It's important for clients to compare asset characteristics when they review their CLAT portfolios with their tax and legal advisors. “Comparing CLAT Assets,” (p. 56), distills the analysis in reviewing general investment characteristics and specific asset classes for CLATs.
CLATs benefit from the liquidity of marketable securities, since the trustee may often have to sell a portion of the corpus or distribute a portion of the corpus to meet the annual distribution requirements.
- Taxable stocks and securities
If the trustee anticipates the sale of assets to raise cash, a grantor's contribution of high-basis appreciated stock to an inter vivos CLAT may enhance its income tax efficiency, particularly because the charitable deduction available to the grantor or the CLAT may fully offset any gain. (The same couldn't necessarily be said of low-basis stock, in which the gain could exceed the charitable deduction.) By contrast, testamentary CLATs are generally funded with assets with stepped-up basis, so income tax efficiency doesn't play as much of a role in the selection of assets to fund a testamentary CLAT.
- Tax-exempt bonds and securities
By generating tax-exempt income, municipal bonds and other tax-exempt securities usually appeal to investors subject to a high level of income tax. However, municipal bond income from private activity bonds may impact the alternative minimum tax liability for grantors of grantor CLATs.
While tax-exempt bonds in a grantor CLAT portfolio may potentially reduce the income tax burden to the grantor, the trustee must focus on the charity and the grantor's children as current and remainder beneficiaries, respectively. As explained below, tax-exempt securities may not meet the needs of these beneficiaries and therefore may not warrant inclusion in the CLAT portfolio.
As the sole asset class of a CLAT, tax-exempt securities may not provide sufficient growth for the remaindermen and also raise diversification issues for the trustee. In addition, for non-grantor CLATs that expect to pay all income received in the current year to charity, pre-tax yield is generally more important than post-tax yield because the income largely flows through to the charitable beneficiary. Therefore, municipal bonds may not serve as an ideal investment for meeting the CLAT's annual payment obligation, due to their generally lower pre-tax yield.
Alternative investments cover a broad range of strategies and structures that fall outside the boundaries of traditional asset categories and generally include hedge funds, hedge funds-of-funds, managed futures, private equity and real estate funds.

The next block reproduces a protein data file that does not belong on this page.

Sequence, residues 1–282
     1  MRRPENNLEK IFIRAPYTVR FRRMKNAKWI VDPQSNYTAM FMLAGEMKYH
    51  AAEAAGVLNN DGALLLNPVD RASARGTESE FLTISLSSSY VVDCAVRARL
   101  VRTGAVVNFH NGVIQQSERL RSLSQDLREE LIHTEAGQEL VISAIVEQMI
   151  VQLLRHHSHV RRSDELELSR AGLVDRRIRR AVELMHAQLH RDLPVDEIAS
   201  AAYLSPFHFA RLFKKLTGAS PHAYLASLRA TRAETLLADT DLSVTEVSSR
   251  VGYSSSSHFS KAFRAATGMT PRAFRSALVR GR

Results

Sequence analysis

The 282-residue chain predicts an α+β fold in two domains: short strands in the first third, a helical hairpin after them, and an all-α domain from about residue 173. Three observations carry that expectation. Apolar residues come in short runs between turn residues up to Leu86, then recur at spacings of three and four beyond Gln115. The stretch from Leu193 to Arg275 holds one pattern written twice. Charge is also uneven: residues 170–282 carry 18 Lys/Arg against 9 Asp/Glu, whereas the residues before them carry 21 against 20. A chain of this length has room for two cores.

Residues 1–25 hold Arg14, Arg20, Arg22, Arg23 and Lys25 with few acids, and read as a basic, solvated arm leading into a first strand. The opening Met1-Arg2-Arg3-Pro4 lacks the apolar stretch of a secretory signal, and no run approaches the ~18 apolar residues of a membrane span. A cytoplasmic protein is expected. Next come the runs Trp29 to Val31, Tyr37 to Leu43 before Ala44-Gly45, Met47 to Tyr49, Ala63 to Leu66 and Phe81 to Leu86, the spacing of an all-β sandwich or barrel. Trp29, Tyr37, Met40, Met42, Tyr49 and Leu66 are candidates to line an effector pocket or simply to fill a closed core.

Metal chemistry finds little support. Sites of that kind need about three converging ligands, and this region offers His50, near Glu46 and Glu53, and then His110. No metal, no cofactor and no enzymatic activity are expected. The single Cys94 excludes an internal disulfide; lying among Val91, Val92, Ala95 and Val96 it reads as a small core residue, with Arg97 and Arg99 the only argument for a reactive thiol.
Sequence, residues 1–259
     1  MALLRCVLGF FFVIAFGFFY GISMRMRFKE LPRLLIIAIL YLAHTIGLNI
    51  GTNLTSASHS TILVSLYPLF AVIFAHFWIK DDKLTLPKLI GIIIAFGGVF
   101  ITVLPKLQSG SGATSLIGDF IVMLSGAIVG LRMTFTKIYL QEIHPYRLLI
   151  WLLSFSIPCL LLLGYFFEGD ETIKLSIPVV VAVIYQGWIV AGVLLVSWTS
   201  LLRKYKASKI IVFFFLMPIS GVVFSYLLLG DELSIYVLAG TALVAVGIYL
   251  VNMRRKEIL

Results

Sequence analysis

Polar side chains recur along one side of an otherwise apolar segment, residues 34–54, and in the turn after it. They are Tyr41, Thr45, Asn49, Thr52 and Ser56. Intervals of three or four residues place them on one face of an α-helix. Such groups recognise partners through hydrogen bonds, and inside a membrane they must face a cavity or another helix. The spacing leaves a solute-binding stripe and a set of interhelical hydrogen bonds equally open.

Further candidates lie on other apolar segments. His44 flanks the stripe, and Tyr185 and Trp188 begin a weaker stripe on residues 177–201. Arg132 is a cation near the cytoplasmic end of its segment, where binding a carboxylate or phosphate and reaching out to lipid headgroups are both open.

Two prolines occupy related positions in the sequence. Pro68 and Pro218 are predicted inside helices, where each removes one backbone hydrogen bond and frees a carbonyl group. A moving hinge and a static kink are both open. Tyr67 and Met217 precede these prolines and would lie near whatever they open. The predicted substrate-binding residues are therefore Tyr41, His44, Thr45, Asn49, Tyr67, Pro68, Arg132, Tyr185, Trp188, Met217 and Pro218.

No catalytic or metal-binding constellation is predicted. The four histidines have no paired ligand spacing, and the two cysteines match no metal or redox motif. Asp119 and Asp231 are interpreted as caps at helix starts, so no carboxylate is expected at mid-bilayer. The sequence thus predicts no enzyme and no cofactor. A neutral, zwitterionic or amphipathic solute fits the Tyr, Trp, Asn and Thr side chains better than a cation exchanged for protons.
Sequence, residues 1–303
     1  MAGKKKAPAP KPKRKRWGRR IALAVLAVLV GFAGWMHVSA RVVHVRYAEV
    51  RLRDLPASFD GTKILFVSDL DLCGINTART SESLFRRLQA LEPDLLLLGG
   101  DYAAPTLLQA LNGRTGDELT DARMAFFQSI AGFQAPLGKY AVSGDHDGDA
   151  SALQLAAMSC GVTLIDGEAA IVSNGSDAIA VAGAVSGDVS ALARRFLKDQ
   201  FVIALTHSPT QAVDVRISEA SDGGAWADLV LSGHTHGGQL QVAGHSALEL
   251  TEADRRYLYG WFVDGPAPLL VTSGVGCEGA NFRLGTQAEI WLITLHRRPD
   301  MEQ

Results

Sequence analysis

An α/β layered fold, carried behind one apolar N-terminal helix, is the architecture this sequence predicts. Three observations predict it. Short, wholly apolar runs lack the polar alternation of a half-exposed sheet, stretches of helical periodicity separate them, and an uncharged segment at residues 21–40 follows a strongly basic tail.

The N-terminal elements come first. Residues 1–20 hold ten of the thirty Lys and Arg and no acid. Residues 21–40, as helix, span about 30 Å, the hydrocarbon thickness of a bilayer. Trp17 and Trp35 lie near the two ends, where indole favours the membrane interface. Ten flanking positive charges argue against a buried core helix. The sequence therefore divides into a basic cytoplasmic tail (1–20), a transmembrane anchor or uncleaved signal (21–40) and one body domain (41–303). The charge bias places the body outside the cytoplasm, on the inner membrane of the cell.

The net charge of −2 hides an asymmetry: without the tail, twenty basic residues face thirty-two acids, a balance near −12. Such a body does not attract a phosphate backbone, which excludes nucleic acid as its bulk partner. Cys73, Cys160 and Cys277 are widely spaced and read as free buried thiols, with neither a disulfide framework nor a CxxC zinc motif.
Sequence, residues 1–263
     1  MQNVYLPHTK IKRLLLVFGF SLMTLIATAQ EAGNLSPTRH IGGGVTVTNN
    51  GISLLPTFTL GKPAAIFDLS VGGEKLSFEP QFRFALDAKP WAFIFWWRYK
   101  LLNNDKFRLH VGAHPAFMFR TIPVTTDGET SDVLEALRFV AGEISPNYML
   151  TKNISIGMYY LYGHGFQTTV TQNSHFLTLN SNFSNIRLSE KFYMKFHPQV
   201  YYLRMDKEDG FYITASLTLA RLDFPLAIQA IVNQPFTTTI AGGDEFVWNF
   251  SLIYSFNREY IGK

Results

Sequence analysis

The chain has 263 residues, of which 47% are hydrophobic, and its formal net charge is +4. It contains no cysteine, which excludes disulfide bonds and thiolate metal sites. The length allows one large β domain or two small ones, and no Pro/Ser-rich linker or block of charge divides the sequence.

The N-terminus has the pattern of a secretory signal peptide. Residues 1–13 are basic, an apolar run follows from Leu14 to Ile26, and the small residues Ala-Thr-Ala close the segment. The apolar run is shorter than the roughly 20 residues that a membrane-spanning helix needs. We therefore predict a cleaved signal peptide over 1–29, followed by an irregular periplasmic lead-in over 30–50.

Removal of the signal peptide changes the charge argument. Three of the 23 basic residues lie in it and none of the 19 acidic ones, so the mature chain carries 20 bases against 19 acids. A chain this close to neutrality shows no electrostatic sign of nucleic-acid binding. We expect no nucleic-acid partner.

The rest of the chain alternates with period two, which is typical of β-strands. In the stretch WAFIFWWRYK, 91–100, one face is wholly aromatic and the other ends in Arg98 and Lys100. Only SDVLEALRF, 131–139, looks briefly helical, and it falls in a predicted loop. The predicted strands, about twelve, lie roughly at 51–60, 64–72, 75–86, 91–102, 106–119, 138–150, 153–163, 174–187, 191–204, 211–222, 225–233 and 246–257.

Alternative investments are typically sold by private placement to “accredited investors,” which include charitable organizations and trusts with assets in excess of $5 million.
Hedge funds and funds-of-funds
Hedge funds are typically structured as private limited partnerships that invest in a range of different investments, including stocks, fixed income, convertible debt, foreign currencies, exchange-traded futures, forwards, swaps, options and other derivatives. Hedge funds-of-funds combine several hedge funds into a single structure to utilize multiple strategies. Hedge funds may complement traditional investments and their market risks in providing portfolio diversity for a CLAT. However, depending on its management, a hedge fund may generate a high degree of ordinary income and short-term capital gains, which may affect the CLAT's overall tax efficiency on either the trust or grantor level. In addition, hedge funds may directly invest in active businesses and leveraged investments, and as a result may generate UBTI.
Private equity funds
Private equity funds generally consist of pools of actively managed capital invested in public and private companies with the intent of creating value in the companies in which they invest by improving operations, reducing costs, selling non-core assets and maximizing cash flow. Private equity fund managers generally assume an active role in the strategic management of the portfolio companies.
Private equity funds pose certain challenges for meeting the CLAT's annual payment obligations in light of the following characteristics:
- Capital calls may be made on short notice, and the failure to meet such call may result in a total loss of the investment.
- Private equity funds have limited liquidity as capital is typically locked up for a period of years. The cash flow typically follows a “J-curve” as capital outflows generally occur in the early years and capital distributions tend to occur late in the investment cycle.